Neonatal respiratory distress syndrome occurs if the lungs of a newborn are not fully developed and could not provide adequate oxygen. Generally, it affects premature infants.
The condition typically occurs if there is not adequate surfactant in the lungs. The substance is composed of fats and proteins that ensure that the lungs are inflated as well as prevents the air sacs from collapsing. An infant generally starts producing surfactant between 24-28 weeks of pregnancy where most can produce enough to breathe normally by week 34.
In case an infant was born prematurely, he/she might not have enough surfactant in the lungs. In some cases, the condition develops in infants that are not prematurely born but due to other risk factors such as:
- Mother is diagnosed with diabetes
- Poor lung development that can be triggered by various ailments
- Infant is underweight
What are the indications?
The indications of neonatal respiratory distress syndrome are often evident right after birth and worsen over the following days such as:
- Nasal flaring
- Bluish lips, toes and fingers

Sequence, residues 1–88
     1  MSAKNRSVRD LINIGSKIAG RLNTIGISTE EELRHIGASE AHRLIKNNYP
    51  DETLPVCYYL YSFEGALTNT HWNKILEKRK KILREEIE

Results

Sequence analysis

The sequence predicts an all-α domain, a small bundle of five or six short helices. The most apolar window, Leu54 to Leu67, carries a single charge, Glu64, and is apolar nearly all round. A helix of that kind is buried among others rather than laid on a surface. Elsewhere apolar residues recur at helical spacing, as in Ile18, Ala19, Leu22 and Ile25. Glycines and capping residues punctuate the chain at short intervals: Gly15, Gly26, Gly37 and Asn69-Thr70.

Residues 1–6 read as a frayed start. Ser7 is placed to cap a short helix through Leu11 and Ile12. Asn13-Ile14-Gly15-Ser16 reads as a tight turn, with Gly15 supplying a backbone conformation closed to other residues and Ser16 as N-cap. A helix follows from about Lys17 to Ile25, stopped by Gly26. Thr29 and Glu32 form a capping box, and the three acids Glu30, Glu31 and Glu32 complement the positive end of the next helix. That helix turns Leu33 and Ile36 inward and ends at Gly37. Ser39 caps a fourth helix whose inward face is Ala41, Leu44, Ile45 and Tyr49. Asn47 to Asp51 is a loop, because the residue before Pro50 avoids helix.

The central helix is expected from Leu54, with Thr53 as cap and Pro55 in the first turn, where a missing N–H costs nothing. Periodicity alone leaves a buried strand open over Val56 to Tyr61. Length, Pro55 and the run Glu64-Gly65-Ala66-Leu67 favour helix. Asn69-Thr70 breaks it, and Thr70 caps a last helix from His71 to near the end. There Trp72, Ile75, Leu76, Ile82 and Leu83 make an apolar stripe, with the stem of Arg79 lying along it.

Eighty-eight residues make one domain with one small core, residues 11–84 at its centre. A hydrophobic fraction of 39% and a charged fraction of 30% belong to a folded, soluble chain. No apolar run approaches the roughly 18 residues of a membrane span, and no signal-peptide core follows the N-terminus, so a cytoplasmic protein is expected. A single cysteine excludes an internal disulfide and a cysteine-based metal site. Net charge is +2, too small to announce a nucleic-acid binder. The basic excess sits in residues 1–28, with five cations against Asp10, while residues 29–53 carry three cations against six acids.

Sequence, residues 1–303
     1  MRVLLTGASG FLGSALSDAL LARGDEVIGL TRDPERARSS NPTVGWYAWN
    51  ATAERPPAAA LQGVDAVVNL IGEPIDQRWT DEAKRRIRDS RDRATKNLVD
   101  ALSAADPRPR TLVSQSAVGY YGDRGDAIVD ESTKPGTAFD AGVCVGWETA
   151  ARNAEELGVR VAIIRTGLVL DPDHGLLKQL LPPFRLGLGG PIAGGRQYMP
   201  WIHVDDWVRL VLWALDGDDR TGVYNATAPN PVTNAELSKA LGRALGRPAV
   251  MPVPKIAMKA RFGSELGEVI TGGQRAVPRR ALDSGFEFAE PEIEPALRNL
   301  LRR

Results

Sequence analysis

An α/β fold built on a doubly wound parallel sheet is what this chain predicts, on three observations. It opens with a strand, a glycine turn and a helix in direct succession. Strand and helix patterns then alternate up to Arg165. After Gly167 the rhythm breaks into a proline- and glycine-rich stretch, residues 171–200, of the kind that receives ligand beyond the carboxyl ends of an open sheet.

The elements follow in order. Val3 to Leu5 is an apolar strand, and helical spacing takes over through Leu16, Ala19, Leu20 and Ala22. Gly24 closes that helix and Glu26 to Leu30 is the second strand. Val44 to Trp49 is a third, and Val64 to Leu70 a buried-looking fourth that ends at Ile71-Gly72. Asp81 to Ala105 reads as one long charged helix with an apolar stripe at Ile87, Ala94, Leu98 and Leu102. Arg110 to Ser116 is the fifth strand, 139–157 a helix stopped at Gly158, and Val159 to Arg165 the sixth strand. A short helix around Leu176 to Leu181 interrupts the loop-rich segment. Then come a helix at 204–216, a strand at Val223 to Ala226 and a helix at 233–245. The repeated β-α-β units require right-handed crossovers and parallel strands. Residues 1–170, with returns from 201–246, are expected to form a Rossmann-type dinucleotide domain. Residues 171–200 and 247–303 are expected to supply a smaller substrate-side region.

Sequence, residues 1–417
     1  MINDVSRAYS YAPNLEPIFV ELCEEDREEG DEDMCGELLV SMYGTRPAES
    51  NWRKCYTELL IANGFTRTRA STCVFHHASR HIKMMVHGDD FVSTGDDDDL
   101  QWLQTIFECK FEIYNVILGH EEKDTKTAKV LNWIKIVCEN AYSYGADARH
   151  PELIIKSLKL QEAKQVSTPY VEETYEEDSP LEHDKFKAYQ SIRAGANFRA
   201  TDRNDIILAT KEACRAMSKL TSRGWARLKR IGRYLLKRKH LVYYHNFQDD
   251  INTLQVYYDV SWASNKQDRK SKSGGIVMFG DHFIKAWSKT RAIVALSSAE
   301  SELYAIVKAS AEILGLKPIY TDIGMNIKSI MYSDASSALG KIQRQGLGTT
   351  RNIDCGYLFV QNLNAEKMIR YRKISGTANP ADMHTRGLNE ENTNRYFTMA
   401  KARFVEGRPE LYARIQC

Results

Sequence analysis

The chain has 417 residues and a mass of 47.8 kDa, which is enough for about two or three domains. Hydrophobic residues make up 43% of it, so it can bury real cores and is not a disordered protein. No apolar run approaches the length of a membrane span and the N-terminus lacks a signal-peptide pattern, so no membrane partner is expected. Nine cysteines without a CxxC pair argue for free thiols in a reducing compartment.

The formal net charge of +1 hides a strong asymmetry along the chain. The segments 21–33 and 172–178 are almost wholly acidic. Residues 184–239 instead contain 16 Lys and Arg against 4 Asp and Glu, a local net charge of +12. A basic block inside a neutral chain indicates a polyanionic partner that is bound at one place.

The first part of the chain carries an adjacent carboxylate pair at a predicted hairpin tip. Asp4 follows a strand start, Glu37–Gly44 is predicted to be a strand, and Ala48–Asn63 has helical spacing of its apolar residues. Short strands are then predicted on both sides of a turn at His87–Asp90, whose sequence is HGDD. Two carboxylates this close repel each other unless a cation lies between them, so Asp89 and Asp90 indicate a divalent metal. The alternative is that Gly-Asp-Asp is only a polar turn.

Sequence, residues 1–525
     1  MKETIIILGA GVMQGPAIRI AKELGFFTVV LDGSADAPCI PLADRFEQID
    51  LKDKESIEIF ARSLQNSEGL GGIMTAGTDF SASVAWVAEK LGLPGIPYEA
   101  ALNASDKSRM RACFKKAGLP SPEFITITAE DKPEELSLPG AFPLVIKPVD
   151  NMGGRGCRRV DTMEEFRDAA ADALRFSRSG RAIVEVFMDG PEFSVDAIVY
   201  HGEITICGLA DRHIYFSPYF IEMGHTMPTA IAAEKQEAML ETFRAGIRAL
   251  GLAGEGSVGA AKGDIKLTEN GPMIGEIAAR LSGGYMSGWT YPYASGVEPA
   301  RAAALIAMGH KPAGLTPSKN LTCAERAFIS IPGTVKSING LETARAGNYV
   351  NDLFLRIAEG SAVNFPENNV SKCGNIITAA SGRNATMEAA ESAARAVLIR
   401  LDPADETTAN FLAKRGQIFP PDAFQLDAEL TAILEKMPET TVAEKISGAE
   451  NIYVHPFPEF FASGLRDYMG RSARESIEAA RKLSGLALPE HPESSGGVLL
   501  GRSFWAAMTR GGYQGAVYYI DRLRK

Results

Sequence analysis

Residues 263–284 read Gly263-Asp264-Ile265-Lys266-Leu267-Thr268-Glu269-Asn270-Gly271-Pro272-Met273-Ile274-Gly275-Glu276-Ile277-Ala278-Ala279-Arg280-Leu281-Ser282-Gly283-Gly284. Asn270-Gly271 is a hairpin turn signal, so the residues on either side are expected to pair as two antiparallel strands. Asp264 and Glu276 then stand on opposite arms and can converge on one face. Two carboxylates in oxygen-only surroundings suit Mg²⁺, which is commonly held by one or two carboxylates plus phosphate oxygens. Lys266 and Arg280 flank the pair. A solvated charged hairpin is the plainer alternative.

- Rapid, shallow breathing
- Grunting sound while breathing
Since premature infants are born in a healthcare facility, most with neonatal respiratory distress syndrome are treated.
Management of neonatal respiratory distress syndrome
Many infants with neonatal respiratory distress syndrome require assistance with breathing with extra oxygen and possibly with ventilator support.
Babies who require ventilation can be managed with the introduction of an artificial surfactant that is given straight into the lungs which helps reinstate normal lung functioning.
In some cases, the condition can be prevented or at least lessen the severity by treating the mother with betamethasone before birth.